Are you thinking about buying a car that has rust on its body? Perhaps it’s a great deal and you’re not looking to spend a lot, but you’re worried that the rust could indicate a bigger problem. So should you buy a vehicle that has rust or should you make a hard pass?
Rust happens when the metal in your car mixes with oxygen or water. Even if it doesn’t look that bad, rust can spread quickly and become a big problem. Not to mention, it’s a pretty bad eyesore. So the short answer to whether or not you should purchase a vehicle that has rust is ‘no.’
That said, there are different types of rust, and sometimes, there are spots that can be repaired. Let’s look closer at the variations in rust and which ones to steer clear of.
Stages of Rust Explained
Rust formation happens in four stages. The stage of the rust matters because there are different corrective actions to take.
- Stage 0. This stage is ideal because it means there are no signs of rust such as paint bubbling or cracking. You can keep your car in this stage by keeping it clean and removing contaminate agents.
- Stage 1. This stage is called ‘surface rust’ and it happens when rust forms on the top layer of the car’s surface. You may notice signs like brown, black or white patches. Thankfully, this type of rust is easy to fix. However, if you ignore the rust, it will grow into a bigger problem.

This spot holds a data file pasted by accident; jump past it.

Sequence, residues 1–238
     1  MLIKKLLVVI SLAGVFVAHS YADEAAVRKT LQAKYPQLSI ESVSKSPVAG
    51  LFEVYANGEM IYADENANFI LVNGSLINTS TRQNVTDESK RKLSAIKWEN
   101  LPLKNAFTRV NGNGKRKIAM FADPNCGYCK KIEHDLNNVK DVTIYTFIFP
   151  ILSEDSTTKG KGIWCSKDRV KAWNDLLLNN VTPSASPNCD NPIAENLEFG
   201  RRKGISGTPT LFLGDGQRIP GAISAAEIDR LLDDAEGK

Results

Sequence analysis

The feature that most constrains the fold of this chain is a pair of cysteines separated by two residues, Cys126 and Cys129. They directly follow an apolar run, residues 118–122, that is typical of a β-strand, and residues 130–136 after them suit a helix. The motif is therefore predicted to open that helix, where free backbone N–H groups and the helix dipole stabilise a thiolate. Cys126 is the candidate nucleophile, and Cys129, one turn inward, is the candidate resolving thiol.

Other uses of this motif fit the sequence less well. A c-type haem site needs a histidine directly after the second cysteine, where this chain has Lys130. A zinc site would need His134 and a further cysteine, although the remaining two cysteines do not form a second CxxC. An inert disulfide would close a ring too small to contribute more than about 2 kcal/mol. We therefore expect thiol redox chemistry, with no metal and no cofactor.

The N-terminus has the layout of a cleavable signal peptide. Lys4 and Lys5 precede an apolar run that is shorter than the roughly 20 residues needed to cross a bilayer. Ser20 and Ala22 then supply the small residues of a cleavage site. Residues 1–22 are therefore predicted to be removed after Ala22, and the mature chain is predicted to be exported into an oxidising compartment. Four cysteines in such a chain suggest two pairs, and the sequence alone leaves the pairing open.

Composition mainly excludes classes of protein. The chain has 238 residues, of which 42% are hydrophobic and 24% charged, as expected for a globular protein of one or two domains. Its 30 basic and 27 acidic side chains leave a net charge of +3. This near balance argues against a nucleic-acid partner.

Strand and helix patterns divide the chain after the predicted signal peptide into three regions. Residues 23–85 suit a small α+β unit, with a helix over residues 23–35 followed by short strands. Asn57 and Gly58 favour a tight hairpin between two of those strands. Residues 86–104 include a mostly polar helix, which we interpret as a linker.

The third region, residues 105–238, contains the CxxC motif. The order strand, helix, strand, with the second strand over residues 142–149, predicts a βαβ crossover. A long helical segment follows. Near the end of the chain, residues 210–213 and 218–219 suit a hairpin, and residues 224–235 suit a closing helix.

- Stage 2. At this stage, degradation has begun. This ‘scale rust’ phase is characterized by visible bubbling on the painted area of the car. This is caused from a reaction between the iron and oxygen.
- Stage 3. The most advanced stage is the ‘penetrating rust’ stage where the rust has penetrated through the metallic components. In order to fix this problem, the whole entire body panel will need to be replaced. This isn’t an easy or cost-effective repair.
Your Best Bet…Look for Cars with Rust-Free Body Panels
If you’re looking for a used or repossessed car and one pops up in your price range but has some rust, proceed with caution. It’s possible that the rust is only in Stage 1 and can be fixed. Ask a mechanic to look over the vehicle and provide you with their professional opinion.
If the rust is any further than a Stage 1, it’s best to look into a different car. Once rust gets beneath the car’s surface, it’s going to spread like wildfire. Fortunately, there are plenty of places to shop for cars! For a great selection of used and repossessed vehicles at affordable prices, shop with RepoFinder.